Guest Post: A Bleak Future for Indonesia’s Anticorruption Commission?

GAB is pleased to welcome back Sofie Arjon Schütte, Senior Advisor at the U4 Anti-Corruption Resource Centre, to contribute today’s guest post:

Indonesia’s Corruption Eradication Commission, known by its acronym KPK, was established during Indonesia’s reformation period in the early 2000s, and quickly became one of the world’s most powerful and independent anticorruption commissions. When the KPK began operations in 2004, a government regulation granted the agency substantial autonomy in its human resources management system, which the KPK used to ensure the integrity and competence of its staff. This control over personnel is considered good practice by international standards for anticorruption agencies, especially in environments where the existing state apparatus, and in particular law enforcement, is part of the corruption problem. And in Indonesia’s case, the KPK’s success in ensuring a competent and honest staff has been crucial to the agency’s track record of success—a track record that includes bringing more than 700 cases, the large majority of which resulted in guilty verdicts against members of Indonesia’s national and regional political elite.

But the KPK’s threat to vested interests has provoked strong resistance. This resistance has taken many forms, from judicial hostility, orchestrated demonstrations and threats, personal attacks on members of the organization, stalling the agency’s budget, and attempts to curtail its authority and autonomy through other legislative changes. The most devastating development was a new KPK Law, adopted in 2019, that was pushed through the legislature in rapid time without public input. This law effectively stripped the KPK of autonomy in important investigative functions and in its human resources management (here and here). Under the law, by September 2021 the KPK is to be integrated into the state apparatus, and its employees must become regular civil servants.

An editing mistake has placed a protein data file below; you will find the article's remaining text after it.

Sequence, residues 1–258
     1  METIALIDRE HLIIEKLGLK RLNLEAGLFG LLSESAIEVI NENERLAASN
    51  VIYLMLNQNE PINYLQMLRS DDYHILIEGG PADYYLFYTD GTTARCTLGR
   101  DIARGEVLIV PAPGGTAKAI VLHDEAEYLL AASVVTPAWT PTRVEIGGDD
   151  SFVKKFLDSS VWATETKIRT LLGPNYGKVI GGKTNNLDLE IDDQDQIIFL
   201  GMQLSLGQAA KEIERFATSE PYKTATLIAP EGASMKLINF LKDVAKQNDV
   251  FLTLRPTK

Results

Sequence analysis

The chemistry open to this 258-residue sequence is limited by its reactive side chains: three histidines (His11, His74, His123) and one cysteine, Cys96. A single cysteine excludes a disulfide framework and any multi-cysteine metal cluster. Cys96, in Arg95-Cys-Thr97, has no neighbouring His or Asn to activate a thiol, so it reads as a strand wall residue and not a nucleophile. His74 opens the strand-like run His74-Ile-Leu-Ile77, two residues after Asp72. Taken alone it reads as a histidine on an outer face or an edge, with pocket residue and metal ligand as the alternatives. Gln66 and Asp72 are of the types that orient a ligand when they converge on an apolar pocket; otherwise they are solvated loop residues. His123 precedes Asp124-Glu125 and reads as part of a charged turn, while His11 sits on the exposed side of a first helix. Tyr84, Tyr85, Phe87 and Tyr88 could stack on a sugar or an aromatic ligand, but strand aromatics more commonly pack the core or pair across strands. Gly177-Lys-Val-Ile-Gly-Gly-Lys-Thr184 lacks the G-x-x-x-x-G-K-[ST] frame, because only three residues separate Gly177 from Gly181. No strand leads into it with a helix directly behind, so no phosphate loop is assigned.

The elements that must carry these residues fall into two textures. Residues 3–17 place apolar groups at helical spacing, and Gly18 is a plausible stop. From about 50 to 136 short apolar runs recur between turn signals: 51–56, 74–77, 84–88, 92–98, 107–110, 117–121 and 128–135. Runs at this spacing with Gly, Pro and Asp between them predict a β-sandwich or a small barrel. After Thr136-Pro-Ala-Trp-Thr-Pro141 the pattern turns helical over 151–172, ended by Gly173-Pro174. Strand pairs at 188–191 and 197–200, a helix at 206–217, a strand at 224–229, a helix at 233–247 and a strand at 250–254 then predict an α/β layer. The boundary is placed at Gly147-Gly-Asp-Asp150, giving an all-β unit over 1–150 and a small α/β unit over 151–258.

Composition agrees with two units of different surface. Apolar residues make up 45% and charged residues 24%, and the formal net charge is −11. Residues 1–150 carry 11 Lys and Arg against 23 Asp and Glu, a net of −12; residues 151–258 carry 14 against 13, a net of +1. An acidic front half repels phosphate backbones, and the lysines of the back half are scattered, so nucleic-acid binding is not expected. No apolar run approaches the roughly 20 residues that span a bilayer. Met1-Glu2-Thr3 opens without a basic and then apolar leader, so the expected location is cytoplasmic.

Allegedly as part of this process of integrating KPK employees into the regular civil service, the government recently required all KPK officials to take a specially concocted “national vision exam.” To be clear, neither the 2019 KPK Law nor its implementing regulations explicitly require such a test, which differs from the standard civil service entrance exam that all civil servants must take. Rather, this special test was developed by the National Civil Service Agency in collaboration with the Indonesian Armed Forces and Intelligence Service specifically to determine which KPK officers were radical and lacked neutrality and integrity and therefore presumably unfit for future civil service.